Andrew Brian Zappa Kalyk Tony Shay
"tony shay" Discussed on Mixergy

Mixergy

04:36 min | 3 years ago

"tony shay" Discussed on Mixergy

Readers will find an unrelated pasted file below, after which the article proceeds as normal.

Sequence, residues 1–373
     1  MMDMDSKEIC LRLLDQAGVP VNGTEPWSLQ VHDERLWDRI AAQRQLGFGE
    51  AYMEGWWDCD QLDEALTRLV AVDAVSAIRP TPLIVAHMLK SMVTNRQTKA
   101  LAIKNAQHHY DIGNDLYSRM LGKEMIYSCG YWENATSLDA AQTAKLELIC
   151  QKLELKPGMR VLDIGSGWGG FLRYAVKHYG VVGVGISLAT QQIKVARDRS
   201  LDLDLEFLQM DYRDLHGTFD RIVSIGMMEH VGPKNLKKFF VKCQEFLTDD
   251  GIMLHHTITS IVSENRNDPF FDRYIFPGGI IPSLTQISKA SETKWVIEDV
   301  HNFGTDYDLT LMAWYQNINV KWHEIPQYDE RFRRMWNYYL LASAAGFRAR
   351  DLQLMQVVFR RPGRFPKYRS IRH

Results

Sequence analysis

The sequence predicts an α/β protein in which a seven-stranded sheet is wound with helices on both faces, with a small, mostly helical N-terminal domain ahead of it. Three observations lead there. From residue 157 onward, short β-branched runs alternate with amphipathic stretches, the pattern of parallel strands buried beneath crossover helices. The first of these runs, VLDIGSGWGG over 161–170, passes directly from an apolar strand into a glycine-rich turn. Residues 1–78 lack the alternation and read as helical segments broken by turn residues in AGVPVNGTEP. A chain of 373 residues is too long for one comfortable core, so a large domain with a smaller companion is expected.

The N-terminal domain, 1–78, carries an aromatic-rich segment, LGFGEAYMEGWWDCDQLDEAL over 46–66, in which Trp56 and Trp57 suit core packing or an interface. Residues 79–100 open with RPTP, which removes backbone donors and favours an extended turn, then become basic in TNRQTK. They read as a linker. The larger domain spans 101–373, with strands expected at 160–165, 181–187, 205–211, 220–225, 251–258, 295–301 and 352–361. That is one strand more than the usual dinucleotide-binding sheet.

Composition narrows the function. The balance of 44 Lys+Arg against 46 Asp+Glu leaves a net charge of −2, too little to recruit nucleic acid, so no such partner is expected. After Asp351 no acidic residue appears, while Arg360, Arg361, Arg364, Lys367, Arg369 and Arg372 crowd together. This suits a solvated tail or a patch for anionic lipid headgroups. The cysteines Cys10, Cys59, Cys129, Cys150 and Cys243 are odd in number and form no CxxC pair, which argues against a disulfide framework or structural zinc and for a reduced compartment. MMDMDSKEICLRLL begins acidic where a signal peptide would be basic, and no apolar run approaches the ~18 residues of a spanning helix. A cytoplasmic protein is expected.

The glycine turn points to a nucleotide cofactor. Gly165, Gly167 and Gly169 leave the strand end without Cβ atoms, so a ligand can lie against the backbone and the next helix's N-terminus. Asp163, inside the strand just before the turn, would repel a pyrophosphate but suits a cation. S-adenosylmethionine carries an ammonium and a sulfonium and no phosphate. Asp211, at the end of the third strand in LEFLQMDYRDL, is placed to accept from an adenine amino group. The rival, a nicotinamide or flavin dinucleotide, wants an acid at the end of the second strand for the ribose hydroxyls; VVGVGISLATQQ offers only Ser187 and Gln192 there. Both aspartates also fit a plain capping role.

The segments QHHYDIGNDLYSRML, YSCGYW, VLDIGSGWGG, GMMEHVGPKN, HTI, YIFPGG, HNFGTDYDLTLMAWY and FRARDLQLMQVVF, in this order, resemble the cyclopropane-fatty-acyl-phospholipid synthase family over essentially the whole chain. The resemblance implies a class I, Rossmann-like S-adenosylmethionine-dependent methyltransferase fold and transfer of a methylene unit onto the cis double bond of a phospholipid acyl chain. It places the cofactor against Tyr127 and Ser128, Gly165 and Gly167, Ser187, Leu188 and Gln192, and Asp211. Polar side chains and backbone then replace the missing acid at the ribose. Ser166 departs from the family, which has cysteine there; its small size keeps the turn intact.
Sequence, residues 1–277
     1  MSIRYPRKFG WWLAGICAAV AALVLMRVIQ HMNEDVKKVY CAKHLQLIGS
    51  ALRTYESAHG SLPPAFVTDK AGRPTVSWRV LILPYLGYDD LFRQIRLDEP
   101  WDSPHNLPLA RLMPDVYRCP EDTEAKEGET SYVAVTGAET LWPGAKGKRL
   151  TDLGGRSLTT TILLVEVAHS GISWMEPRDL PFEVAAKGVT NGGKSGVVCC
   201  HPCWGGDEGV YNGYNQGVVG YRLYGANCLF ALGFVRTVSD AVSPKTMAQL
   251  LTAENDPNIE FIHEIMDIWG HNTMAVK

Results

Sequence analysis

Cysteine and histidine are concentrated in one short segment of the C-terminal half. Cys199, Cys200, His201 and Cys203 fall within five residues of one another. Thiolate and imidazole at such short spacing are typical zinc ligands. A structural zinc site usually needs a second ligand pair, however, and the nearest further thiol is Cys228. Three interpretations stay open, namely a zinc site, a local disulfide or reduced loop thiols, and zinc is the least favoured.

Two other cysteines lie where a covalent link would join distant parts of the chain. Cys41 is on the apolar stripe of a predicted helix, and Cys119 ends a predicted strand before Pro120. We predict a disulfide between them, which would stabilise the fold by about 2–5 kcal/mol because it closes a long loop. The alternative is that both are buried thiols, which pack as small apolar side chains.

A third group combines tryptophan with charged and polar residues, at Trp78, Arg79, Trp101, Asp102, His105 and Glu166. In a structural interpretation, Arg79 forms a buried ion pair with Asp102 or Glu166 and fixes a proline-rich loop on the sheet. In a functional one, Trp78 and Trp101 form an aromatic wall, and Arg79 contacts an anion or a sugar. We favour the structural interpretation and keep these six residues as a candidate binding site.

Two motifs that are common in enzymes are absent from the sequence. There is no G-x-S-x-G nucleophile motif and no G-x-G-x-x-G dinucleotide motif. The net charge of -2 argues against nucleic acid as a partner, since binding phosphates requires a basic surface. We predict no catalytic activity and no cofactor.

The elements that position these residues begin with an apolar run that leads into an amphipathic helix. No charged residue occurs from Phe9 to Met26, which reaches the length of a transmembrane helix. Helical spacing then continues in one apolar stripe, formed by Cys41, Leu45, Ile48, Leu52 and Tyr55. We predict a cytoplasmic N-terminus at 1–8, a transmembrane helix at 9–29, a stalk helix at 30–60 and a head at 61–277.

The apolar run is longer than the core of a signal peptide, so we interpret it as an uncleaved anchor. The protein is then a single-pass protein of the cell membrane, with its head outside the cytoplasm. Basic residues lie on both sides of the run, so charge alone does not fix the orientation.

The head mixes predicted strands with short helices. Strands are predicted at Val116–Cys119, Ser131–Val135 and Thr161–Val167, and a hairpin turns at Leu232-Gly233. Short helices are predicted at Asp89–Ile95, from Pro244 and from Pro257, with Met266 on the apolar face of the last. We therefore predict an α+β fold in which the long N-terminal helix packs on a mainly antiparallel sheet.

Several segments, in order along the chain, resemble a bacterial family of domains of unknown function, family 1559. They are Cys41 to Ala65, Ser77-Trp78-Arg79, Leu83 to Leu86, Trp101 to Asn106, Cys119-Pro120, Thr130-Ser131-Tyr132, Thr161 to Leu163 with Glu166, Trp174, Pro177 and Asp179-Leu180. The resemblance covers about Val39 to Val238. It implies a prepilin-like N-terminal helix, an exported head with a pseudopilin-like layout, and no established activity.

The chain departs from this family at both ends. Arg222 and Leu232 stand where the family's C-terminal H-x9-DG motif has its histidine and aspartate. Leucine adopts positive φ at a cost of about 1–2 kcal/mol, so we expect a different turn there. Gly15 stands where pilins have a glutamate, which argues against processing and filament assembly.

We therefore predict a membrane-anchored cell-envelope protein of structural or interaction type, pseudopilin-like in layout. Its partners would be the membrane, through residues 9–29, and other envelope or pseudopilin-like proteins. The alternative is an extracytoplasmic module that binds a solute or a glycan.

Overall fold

"Dot com slash mixer surgery. Really. You guys are gonna love him. All right. You know what? Let me take a second here before we get into. I want to talk about this one transformative moment in your in your life that led you to go on this path. Someone saw you two thousand three. You had five employees five years into your business, you're doing well, he flies in and he says, what? What did he fly in? And what did he say to that? I think helped change the way that you're looking at your business. Well, at that time company Slough in and offer on jets. Jet, like a private jet, they flew into. And I knowing on private jets at that time. So that was pretty cool in communists us and wanted to buy real truck for a million dollars and I adapt time. I just thought. We're not done. We there we need, there's more for us to do, and I didn't think that I, yeah, I just wasn't interested in offer. I was flattered by it, but. It's it wasn't that no others more for us to do. I feel like that kind of kicked your ass to you. Also realize you need to get aggressive. You told our producer at that point I needed to be more aggressive or die. Why did you feel like you had to be more aggressive in order to survive while I've, you know that time there's probably two or three hundred companies selling pickup trucks. Excess result liner either go deep or the other. You cannot be stagnant and it's going to be, you know, five or ten years from now, it's going to be two or three or four players that dominate and it. So we either need to grow or go in. So it was kinda at that time all in and let's get sing rock. And let's do it better than we ever ever have. I. So then you told a producer too. I bet everything on company culture. Why Ben? I'm company culture. Why not bet everything on great marketing, why not bet everything on. I I don't don't know. know why company culture of all things. I think some of it was probably a legacy thing. I didn't want my legacy to be redone, lock internet company, got rich. I wanted to kind of have more impact be useful. The people and my buddy Jeff also was the president real gave me told me about Zappa sent that. How will here's this guy cells, Tony Shay billion dollars for the shoes is not the cheapest. Never really on work culture. Of course, then you get the disconnect is an Ivy leaguers got a bunch of money to start with, you know, solar company for two hundred forty million Bob where like, okay, and then I had this blank, you know, with inspiration, people think like sometimes people make meet me in their disappointed because I think they're expecting this someone more dynamic, a hundred percent of the time. But inspiration is a limit. It'd bandwith thing you've got to act on it when you got it. In hindsight, that's what I would say when you get inspired go at it because it's not gonna you're not gonna stay inspired your whole life. You might not even say inspired longer than wait. So if you inspired capital but rock and roll, Tony Shay at the time was not yet. We're talking about two thousand three, two thousand four, two thousand five. He did not become famous for culture until two thousand eight or so. And so here you are even later. Will you weren't guided by him. You were guided by an understanding that your company needed this somehow. Well, yes, we were trying to like, hey, can we run the company by principles? We didn't know how and because we're following ecommerce companies that were doing well, that's how became for Miller's apples away. So this was before even Zappa's made it big with this whole culture. You said I want a guide the company by something. It should be a set of principles. Then I could take an hand over to the next generation runs my company. This is how we're gonna live. It was like programming accompany for you? My right. Well, yeah, a little bit like that and just learn. Yeah, I was reading articles on apples in that kind of thing. Flew down there and found out. They had tours. We are just going to school or end by you're just going to stay away. Just seeing how they're running their business..